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Gregory R. Mann, Ph.D. {ret.}

Leatherback Sea Turtle

“Dermochelys coriacea”

Leatherback Sea Turtles are the largest of the sea turtles reaching up to 2.4 meters in length and weighing 227-907 kilograms. Their flippers span an average of 2.7 meters from the tip to tip. The “shell” of the Leatherback is actually its bones underneath its firm dark brown or black skin which has 7 pronounced vertical ridges on its back and 5 ridges on its ventral side. Leatherback Sea Turtles are named for their tough, oil-saturated, rubbery skin which is strengthened by a mosaic of small bones beneath the skin. This gives the turtle a leathery appearance and feel. Leatherbacks are the only sea turtle species that lack scales and a hard shell. A tooth-like cusp is located on each side of the upper jaw; the lower jaw is hooked anteriorly. The Leatherback Sea Turtle can dive to great depths. Individuals equipped with depth recorders dove to over 1,000 meters deep. The shallowest dives occurred at dusk and the deepest at dawn. These Leatherbacks were probably feeding on sea jellies that concentrate below 600 meters during the day and move into surface waters at dusk. The turtles dove almost continuously with only brief intervals at the surface to breathe. Leatherback Sea Turtles can rest or sleep underwater for several hours at a time but submergence time is much shorter while diving for food or to escape predators. Breath-holding ability is affected by activity and stress, which is why turtles drown in shrimp trawls and other fishing gear within a relatively short time. Because Leatherback Sea Turtles are difficult to study in the open ocean, scientists are just beginning to learn about their life history. Today, radio transmitters attached to nesting turtles to help track the sea creatures on their travels and provide valuable information.

Leatherback Sea Turtles can be found in tropical and temperate seas in the Atlantic, Pacific and Indian Oceans. Their range is as far north as British Columbia, Newfoundland and the British Isles and as far south as Australia, Cape of Good Hope and Argentina. The Leatherback is the most migratory of all sea turtles. They are omnivorous, feeding on their primary food source sea jellies as well as crabs & fishes. They are also known to eat sea urchins, squid, crustaceans, tunicates, blue-green algae & seaweed. It is estimated that Leatherbacks reach sexual maturity between 6-10 years of age. Although Leatherback Sea Turtles move swiftly in the ocean, they are slow and defenseless on land. Males almost never leave the water. Adult females require sandy nesting beaches backed with vegetation and with proximity to deep water and generally rough seas. Like other sea turtle species, Leatherback females are fertilized at sea then leave the water at night to dig their nests where they deposit between 70-80 eggs. Incubation takes from 55-75 days and their eggs hatch at night to avoid predation during the hatchling’s return to the sea. It is estimated that 26,000-43,000 females nest annually worldwide, a decline of more than half since 1980. Exponential declines in Leatherback nesting have occurred along the Pacific coasts of Mexico and Costa Rica.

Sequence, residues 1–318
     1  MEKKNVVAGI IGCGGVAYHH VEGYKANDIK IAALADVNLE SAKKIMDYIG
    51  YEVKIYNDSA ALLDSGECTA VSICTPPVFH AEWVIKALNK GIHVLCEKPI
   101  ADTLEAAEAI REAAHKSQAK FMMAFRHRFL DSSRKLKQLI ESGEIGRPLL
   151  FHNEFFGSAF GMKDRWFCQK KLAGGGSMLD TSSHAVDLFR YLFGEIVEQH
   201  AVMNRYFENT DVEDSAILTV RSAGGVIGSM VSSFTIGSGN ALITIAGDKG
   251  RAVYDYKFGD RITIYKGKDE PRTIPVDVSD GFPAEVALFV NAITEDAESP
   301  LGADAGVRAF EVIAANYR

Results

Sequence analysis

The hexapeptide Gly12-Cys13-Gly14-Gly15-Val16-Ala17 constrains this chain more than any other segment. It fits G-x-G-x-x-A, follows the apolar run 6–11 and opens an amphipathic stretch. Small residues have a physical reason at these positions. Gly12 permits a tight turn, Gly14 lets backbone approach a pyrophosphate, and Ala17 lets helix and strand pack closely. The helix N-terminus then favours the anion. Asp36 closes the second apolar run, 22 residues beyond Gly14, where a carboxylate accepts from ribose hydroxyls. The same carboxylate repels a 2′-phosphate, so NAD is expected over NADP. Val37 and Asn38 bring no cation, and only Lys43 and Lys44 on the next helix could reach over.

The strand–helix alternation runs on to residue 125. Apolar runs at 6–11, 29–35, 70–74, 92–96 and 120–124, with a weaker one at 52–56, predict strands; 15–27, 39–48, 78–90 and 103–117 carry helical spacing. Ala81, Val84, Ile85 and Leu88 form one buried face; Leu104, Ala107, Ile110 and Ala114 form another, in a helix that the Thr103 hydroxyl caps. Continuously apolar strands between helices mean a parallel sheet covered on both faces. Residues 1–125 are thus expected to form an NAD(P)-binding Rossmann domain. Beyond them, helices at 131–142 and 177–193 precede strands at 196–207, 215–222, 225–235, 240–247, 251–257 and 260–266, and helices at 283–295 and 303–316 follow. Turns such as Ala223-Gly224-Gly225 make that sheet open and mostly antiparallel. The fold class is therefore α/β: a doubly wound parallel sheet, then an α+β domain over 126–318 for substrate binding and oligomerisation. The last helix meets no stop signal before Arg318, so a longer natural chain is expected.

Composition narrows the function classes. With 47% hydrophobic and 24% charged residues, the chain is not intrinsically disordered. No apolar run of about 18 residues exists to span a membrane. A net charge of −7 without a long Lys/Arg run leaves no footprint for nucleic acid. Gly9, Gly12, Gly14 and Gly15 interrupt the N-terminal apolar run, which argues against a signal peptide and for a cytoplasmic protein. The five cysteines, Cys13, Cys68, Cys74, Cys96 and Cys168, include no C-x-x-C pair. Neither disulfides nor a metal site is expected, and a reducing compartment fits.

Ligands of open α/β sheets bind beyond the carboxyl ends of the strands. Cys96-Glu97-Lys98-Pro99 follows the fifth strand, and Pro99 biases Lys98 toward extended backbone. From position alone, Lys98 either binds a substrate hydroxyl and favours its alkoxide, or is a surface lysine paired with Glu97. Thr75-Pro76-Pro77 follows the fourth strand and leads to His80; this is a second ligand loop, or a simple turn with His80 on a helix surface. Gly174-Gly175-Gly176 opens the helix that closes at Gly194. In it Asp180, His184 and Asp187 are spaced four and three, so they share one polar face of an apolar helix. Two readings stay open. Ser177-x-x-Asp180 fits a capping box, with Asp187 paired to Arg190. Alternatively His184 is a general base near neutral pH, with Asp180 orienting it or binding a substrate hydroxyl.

The Leatherback Sea Turtle nesting population in Mexico, once the world’s largest at 65% of the global nesting population is now less than 1% of what it was in 1980. The largest nesting populations now occur in the western Atlantic in French Guiana (4,500-7,500/year) and Colombia (3,000/year). The 2nd largest nesting populations are now found in the western Pacific in Indonesia (about 600-650/year). In the United States, small nesting populations occur on the Florida east coast (35 females/year), in the U.S. Virgin Islands (50-100 females/year) and in Puerto Rico (30-90 females/year). In the U.S., nesting occurs from March-July during which time females will nest 5-7 times with an observed maximum of 11 nests. The average inter-nesting interval is about 9-10 days. Most Leatherback Sea Turtles re-migrate to their nesting beaches at 2-3 year intervals.

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